Isaac lived on, and the promises of God and the example of Abraham’s faith were passed to Jacob and to Joseph, both of whom walked in the same faith. And now the promise is ours if we trust in Jesus.
If we have a similar faith to Abraham, it shouldn’t surprise us if it gets tested so we may see the reality of what God has done for us and in us through Jesus. And the tender mercy and faithfulness of God should be our refuge to help us come through the trial with praise and thanksgiving to God!
LOOKING FORWARD (Hebrews 11:23-29)
During the 400 years that followed Joseph’s death, the people of God were increasingly oppressed and subjugated by the Egyptians, and they cried out to God for help. God had compassion on His people and sent them a deliverer (Moses) whose life in many ways prefigures that of Jesus, Whom the writer has already set before his readers as better than Moses in every way.
These few verses in Hebrews describe some early events in the life of Moses and his parents. In them, we see certain actions that sprang from their soul-preserving faith:
- Fearlessness. As the hymn-writer said, “Fear Him, you saints, and you will then have nothing else to fear.” Moses’ parents were not afraid of Pharaoh’s edict to destroy all newborn male children (verse 23). They saw there was something special about Moses and kept him alive and hidden for three months. In God’s providence, Pharaoh’s daughter then adopted Moses and paid Moses’ own mother to look after him as he grew up!
- Faithfulness. Moses chose to suffer along with the suffering people of God. He could have disowned them (and their God), escaped their oppression and lived in earthly luxury as a member of Egypt’s royal family. Instead, he identified himself as one of them, bringing their afflictions upon himself (verse 24-25).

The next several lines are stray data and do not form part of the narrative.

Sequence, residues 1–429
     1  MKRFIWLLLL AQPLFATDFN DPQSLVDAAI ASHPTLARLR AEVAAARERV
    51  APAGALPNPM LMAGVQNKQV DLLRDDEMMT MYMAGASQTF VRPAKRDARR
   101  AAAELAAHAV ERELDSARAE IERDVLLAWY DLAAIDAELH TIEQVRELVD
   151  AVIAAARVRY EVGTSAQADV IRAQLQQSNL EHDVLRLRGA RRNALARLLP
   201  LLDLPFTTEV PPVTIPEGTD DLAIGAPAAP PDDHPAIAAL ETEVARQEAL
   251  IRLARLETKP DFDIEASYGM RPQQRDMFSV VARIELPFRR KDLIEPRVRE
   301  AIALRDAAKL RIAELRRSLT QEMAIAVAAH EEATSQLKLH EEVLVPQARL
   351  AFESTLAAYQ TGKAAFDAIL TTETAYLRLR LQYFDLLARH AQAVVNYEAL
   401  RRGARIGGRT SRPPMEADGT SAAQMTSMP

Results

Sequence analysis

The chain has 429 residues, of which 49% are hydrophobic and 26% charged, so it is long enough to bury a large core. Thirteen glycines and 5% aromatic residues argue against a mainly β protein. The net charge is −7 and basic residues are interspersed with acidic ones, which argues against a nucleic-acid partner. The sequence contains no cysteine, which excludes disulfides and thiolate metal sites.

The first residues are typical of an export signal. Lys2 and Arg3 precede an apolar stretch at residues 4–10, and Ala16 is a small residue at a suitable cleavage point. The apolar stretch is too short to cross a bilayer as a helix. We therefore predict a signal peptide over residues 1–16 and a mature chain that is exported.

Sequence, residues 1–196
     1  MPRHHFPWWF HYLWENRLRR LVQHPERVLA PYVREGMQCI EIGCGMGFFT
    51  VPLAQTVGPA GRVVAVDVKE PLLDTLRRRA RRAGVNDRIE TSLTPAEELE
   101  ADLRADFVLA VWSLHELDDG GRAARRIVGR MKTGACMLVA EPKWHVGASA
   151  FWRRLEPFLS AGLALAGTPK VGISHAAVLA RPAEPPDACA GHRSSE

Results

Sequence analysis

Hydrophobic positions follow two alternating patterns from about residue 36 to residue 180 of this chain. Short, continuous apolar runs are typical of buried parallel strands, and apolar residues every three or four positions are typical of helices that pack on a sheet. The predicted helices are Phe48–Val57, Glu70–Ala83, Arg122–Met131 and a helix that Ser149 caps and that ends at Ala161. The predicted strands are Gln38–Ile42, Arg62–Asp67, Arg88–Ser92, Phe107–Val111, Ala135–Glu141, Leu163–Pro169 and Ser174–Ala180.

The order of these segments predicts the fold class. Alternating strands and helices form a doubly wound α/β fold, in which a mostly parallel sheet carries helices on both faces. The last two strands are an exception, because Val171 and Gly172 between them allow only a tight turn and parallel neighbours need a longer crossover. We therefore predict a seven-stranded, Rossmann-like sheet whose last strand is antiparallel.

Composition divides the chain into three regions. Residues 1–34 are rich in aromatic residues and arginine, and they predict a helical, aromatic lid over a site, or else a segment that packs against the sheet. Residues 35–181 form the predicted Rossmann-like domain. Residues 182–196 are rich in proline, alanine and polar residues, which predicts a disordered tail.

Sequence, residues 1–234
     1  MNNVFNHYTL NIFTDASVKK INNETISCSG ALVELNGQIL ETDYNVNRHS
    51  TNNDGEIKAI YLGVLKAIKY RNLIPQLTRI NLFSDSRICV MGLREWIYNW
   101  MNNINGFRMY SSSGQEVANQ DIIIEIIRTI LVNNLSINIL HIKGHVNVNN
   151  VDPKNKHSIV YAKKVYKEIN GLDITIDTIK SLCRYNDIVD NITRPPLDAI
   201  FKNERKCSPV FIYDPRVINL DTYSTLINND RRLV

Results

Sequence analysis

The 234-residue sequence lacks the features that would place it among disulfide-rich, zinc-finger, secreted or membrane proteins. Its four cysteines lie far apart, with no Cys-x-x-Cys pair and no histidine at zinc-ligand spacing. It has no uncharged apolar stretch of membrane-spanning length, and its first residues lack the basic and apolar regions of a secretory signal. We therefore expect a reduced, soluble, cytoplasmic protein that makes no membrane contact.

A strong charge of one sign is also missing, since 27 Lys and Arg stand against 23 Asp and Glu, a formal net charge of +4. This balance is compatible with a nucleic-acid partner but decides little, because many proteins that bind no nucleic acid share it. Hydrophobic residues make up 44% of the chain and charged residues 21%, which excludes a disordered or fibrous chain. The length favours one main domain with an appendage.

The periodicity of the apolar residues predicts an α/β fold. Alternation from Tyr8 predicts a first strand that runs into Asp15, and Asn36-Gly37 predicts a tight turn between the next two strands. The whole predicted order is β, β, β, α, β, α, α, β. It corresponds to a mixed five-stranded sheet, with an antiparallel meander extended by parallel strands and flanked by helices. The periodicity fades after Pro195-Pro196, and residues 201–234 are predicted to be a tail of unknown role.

- Foresight. More than this, he considered these afflictions as wealth – delighting to bear the reproach of Christ because he was looking forward to a heavenly reward – far greater than anything Egypt had to offer (verse 26)
- Fortitude. As Moses and Israel were leaving Egypt, Pharaoh was very angry with him, but Moses was not afraid (fearlessness again!) and was able to endure this trial because, through eyes of faith, he was enabled to see “Him Who is invisible” (verse 27)
- Fidelity. The Lord gave very precise instructions to Moses that had to be followed to the letter if the firstborn of Israel were to be preserved from the Lord’s destroying angel. Moses did not doubt the word of God but executed the directions precisely, so that all Israel was redeemed through the blood of the lambs that were slain (verse 28).
- Fear of God. The people had faith to march on dry land through the Red Sea, with walls of water on either side of them. They trusted in the power of God and in His desire to save those He had redeemed. When the Egyptians tried to follow Israel, the waters closed over them and they were destroyed. (verse 29). The heart of the people at that time is summarized in Exodus 14:30–31: Thus the Lord saved Israel that day from the hand of the Egyptians, and Israel saw the Egyptians dead on the seashore. 31 Israel saw the great power that the Lord used against the Egyptians, so the people feared the Lord, and they believed in the Lord and in his servant Moses.
To a greater or lesser degree, we should see similar behaviors to those mentioned above in all who have the same kind of soul-preserving faith – whether in the original readers of the letter or in we who have trusted in Christ in the present. Let’s take a moment to look at these hallmarks again and see to what extent we possess them. If we see even the smallest traces of them in our lives, let’s thank God and ask that we may grow in faith and display more of these fruits going forward. If we honestly can’t see anything like these traits in our hearts and lives, then we need to come to God and ask that He might redeem us through the blood of Christ and cause this soul-preserving faith to be planted in us and to grow up to eternal life.